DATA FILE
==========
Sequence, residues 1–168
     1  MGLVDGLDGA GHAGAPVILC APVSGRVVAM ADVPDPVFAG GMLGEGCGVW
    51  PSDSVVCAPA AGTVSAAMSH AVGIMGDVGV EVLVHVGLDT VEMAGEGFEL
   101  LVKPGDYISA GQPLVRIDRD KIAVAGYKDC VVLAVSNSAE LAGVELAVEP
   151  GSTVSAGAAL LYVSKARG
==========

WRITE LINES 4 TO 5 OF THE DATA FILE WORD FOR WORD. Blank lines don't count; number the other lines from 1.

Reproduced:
   101  LVKPGDYISA GQPLVRIDRD KIAVAGYKDC VVLAVSNSAE LAGVELAVEP
   151  GSTVSAGAAL LYVSKARG